the leading causes of preventable death in the US, one might start to
question this Faith concept. I, for one, think this would be a good
Medicine is either a faith or it is a science. If it is a faith, then we
can go along just as we have and have the mass numbers of unfortunate
effects. If we decide that medicine is to be a science, we need to hold
it up to a true scientific standard.
I am suggesting, that in reality, consumers are making their health care
decisions based on faith. I’m not suggesting that these decisions are
religious, but they are based on some form of faith. Although we as a
profession must continue to hold ourselves up to a increasing standard of
scientific scrutiny, we can not ignore that consumers do not work on this
level, especially when it comes to implementing the practice of medicine.
All health care should be based on its real effect on the quality of
people’s lives. Remember, science is never definitive. Science itself
always raises more questions. If that were not so, we would never have to
do another scientific study again. So is chiropractic a faith based
profession? No more, and probably less, then medicine.
Our Chiropractic Family
Presented by Dr. Kathi Handt
Having raised our
children in the chiropractic life-style, we took a lot for granted. Our
children were never really sick. They missed school for everything except
for being sick! We gave them “wellness days” off! We never knew what it
was to give drugs to our children, or to bring them to the pediatrician
for their vaccinations, camp or school check-ups. They are always happy,
full of energy, and ready to take on the world. We thought that all
Actually, that’s the way all children should be. Unfortunately, as our
children grew up, we saw and heard about the illnesses, the depression,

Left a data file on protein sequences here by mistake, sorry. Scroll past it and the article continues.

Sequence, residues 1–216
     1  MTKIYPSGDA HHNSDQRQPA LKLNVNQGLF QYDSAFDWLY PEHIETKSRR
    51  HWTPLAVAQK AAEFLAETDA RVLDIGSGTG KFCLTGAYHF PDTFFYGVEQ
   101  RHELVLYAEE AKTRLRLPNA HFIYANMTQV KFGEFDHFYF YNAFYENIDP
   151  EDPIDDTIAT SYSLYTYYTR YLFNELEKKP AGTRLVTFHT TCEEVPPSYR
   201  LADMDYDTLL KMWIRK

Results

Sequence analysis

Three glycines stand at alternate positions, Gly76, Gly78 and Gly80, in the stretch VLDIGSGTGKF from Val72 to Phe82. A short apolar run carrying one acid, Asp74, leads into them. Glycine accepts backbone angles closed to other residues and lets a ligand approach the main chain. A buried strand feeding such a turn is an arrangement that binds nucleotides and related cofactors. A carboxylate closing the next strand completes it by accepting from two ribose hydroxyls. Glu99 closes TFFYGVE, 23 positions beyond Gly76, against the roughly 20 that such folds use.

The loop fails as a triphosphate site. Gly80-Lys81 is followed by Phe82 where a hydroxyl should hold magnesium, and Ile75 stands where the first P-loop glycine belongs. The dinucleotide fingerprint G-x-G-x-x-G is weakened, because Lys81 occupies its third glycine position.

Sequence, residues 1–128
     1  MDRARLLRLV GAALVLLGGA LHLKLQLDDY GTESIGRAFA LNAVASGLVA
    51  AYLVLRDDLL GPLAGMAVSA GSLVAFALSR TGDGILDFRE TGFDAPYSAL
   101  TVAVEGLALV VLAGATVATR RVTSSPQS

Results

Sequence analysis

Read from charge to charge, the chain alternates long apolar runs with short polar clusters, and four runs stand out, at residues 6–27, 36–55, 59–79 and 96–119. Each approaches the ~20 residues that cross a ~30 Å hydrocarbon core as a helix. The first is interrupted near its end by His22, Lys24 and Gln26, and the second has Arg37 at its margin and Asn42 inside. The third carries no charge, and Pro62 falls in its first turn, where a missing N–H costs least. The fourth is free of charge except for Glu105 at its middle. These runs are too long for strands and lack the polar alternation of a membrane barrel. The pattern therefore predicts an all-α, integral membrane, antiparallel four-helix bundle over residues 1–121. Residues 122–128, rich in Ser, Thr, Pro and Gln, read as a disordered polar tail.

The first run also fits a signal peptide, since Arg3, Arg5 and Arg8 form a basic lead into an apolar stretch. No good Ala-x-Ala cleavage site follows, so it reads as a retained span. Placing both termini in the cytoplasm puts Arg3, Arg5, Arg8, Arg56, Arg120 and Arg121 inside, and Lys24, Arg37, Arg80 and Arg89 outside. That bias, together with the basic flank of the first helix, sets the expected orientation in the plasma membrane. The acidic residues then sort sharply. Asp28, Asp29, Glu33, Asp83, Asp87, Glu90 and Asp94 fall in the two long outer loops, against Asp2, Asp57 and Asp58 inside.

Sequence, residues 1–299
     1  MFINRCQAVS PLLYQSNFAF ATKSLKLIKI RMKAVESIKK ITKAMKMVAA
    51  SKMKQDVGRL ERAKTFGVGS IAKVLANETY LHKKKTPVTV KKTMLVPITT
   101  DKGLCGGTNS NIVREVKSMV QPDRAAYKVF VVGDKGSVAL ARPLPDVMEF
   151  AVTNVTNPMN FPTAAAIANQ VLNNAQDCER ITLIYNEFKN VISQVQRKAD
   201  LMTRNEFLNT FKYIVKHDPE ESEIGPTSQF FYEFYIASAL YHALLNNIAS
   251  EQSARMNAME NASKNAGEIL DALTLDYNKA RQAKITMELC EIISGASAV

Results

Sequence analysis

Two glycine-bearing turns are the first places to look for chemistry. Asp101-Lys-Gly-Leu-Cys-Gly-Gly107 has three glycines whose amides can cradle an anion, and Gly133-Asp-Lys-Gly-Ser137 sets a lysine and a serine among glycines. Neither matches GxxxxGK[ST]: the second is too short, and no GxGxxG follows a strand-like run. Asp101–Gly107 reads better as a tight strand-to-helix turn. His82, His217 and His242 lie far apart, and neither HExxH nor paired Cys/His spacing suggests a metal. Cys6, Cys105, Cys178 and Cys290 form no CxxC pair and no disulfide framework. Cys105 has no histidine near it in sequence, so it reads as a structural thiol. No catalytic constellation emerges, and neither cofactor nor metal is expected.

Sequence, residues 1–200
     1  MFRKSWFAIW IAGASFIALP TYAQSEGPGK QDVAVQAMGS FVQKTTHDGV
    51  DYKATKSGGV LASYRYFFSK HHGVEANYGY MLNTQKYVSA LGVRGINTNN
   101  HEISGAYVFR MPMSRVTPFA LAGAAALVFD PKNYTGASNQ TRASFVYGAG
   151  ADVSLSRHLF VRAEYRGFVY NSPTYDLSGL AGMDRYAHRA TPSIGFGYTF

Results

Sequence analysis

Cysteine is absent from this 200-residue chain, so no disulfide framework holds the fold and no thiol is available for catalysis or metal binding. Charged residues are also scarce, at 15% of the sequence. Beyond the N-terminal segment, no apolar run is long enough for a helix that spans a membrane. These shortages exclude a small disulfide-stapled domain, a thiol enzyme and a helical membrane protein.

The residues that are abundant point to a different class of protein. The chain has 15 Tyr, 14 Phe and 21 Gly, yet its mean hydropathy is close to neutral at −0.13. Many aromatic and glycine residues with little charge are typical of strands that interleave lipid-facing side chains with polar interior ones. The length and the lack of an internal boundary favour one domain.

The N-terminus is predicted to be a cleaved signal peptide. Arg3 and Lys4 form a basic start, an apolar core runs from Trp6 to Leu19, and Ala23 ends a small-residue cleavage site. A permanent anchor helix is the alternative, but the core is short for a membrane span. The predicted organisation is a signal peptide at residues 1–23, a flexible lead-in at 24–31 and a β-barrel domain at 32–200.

the smoking, the drugs, the malaise and laziness that affected the live
of so many of their friends.
Those kids could rattle off the names of all of the medications they were
on. I can’t even pronounce one of them! They ran away from home, they
were thrown out of their home, they dropped out of school, and they
flunked out of school. You name it and it probably happened to at least
one of the kids our children knew.
Were we worried about peer pressure affecting our children’s choices in
life? No, we weren’t worried. We knew that our children had been raised
in an environment where they learned to listen to their gut feelings
(innate) and to do that they thought was best for them, no matter what
anyone else thought or said. And we kept open communications with them
all the time so that they could feel comfortable talking to us about
anything that might be on their mind. Our children were all adjusted from
the day they were born. They were totally connected to innate, and they
were strong in their convictions about health, about school, about their
extra curricular activities, and about how they wanted to live their
lives. Did their friends try to convince them to smoke? Yes. Did they try
to convince them to do other drugs? Yes. Did they try to steer them
against their beliefs? You bet! Did they budge? No way! They listened to
Chiropractic has afforded my children the most incredible life, not only
in their health, but in their well-being, in their self-esteem, in every
aspect of their life.
They are all young adults. Josh is a chiropractor; his wife, Meredith, is
a strong chiropractic spouse, Ryan is a talented photographer, and Morgan
is at Life University – another DC2B! We are very proud of all of them
and of the way they chose to create their lives. Did chiropractic have
anything to do with it? Chiropractic had everything to do with it.
I remember, years ago when my kids were young, my neighbor was very
annoyed at me and when I asked her what was wrong, she asked me why my
family was always so happy! I’ll never forget that, and I’ll never forget
my answer to her. I told her, “We live a chiropractic life, and we live
it to the fullest!”
for a New Future
Chiropractic Growth & Philosophy Weekend
When: September 27 - 30, 2007
Where: Sheraton Hotel &
Conference Center, Eatontown, New Jersey,
for reservations, call the Sheraton Hotel & Conference Center today at
1-732-542-6500 and ask for the special New Beginnings rate -
Learn more: Visit our website at
Register now: Please call us at -